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New Orleans to require all visitors to submit DNA for easy crime scene IDingDon Kiebels

New Orleans to require all visitors to submit DNA for easy crime scene IDing

If you are coming to Crescent City for a visit, you better open your mouth first.

Starting next month, any visitors arriving at Louis Armstrong International Airport, staying at a local hotel, or attending a convention in town will be required to submit a DNA sample before spending any time in the Big Easy.

The City Council passed the measure at their last meeting as a way help identify murder victims or those beaten so badly they are unresponsive. As a part of his final State of the City address and having already redefined the definition of “crime,” Mayor Landrieu’s has submitted this new measure as the next step in his bold crime-fighting initiative.

“With your typical robbery, shooting, or murder, the perps often take the wallet – and any way to ID you if you are unconscious or, you know, dead,” Councilmember Wayne Cashmonet said.

“Imagine you are a tourist from Boston, something happens, you show up at the Coroner and nobody knows who you are. Or, your body gets dumped off Almonaster. It happens. It’s a reality. This a common-sense precaution if you spend any time in New Orleans.”

The $29.95 cost of the DNA kits, or ‘Mitch Kits,’ will be added to a visitor’s airline ticket cost, hotel bill, or convention registration.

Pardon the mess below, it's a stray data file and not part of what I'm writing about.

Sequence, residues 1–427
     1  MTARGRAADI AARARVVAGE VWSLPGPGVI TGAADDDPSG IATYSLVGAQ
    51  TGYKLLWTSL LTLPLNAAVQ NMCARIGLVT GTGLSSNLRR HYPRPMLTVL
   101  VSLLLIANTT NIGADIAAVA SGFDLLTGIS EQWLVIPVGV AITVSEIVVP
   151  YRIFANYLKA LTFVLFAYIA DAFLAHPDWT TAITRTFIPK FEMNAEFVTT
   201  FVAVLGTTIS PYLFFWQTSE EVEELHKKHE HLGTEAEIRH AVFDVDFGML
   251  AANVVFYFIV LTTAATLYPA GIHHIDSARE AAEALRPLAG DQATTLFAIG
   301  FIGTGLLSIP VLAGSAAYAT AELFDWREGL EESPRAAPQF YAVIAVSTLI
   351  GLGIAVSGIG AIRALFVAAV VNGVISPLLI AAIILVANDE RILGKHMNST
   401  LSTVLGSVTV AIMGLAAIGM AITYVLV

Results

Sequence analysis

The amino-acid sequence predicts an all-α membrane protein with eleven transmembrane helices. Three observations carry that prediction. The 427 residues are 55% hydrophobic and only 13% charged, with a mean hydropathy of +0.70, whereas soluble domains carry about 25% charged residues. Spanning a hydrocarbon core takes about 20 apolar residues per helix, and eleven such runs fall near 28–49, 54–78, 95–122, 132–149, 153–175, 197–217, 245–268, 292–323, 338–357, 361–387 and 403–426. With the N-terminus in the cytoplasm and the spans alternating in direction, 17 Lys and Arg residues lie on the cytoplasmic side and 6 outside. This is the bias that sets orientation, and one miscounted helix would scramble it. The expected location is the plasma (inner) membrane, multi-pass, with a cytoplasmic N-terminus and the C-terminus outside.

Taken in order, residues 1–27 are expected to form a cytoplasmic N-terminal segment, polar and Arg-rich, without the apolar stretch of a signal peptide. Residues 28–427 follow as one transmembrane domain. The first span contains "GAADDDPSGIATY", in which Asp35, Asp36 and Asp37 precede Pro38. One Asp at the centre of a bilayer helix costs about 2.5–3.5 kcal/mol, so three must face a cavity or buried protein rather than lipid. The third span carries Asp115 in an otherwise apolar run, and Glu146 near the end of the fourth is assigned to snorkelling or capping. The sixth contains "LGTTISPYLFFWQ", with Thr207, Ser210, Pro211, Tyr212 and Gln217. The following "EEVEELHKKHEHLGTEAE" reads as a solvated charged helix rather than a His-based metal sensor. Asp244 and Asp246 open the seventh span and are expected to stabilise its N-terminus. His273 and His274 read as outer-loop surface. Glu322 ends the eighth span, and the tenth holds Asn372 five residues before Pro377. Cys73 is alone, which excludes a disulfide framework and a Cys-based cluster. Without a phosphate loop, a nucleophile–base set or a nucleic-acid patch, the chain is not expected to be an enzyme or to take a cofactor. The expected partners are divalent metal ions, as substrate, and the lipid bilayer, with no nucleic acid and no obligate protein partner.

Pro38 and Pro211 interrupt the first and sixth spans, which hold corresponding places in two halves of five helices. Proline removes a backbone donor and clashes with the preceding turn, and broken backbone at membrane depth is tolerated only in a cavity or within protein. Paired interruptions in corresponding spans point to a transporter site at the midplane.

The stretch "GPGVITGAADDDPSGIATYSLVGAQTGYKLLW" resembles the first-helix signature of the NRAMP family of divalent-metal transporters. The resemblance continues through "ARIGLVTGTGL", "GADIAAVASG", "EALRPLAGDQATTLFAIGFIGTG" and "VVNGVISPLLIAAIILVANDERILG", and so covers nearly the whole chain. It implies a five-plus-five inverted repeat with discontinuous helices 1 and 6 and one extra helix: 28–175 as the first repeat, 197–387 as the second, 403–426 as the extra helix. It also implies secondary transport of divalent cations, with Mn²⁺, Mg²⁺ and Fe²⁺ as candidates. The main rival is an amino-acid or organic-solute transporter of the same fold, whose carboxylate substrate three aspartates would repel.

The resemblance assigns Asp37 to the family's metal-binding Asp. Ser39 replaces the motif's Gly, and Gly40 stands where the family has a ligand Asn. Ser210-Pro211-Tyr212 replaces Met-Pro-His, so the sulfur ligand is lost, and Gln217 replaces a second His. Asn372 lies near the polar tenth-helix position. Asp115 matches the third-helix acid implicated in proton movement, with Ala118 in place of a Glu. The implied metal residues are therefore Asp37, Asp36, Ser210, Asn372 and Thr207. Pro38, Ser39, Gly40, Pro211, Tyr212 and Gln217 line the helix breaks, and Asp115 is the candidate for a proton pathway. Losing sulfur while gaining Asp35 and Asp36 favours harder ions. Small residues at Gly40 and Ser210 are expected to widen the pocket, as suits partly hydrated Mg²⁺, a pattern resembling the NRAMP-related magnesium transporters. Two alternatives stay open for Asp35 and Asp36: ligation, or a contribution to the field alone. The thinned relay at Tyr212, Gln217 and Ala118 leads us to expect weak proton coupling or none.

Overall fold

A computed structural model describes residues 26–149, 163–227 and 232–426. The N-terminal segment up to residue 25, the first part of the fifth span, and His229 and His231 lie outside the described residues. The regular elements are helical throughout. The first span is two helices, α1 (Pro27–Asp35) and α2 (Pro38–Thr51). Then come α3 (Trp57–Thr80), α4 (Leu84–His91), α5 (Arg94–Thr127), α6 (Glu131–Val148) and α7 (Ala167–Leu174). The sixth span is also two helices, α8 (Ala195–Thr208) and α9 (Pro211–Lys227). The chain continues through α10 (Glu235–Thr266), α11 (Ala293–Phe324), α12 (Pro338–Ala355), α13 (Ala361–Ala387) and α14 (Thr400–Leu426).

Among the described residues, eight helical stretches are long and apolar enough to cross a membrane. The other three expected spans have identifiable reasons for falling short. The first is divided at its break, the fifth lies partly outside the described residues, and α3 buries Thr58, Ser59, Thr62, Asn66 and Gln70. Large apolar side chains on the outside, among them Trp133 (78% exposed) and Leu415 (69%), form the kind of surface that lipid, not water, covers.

Local tourism advocate Harold Conrad thinks this sends the wrong message.

“Who the hell is going to come here if there is that much chance of them going home in a coma or a body bag? Maybe the Mayor and the City Council should do something to prevent THAT from happening. This is an admission of failure. It will kill the tourism industry!”

Steve Mayer, the spokesman for Mayor Landrieu, replied that Conrad was missing the point.

“This is a step in the right direction. Yes, New Orleans is the most violent city in America. But there are a lot of people who like to travel to places on the edge – live dangerously – and we’re number one. We fulfill the need to feel alive through the rush of possibly dying. Now, when they come here, they can be certain their remains will be returned to their loved ones if the highly probable unthinkable happens.”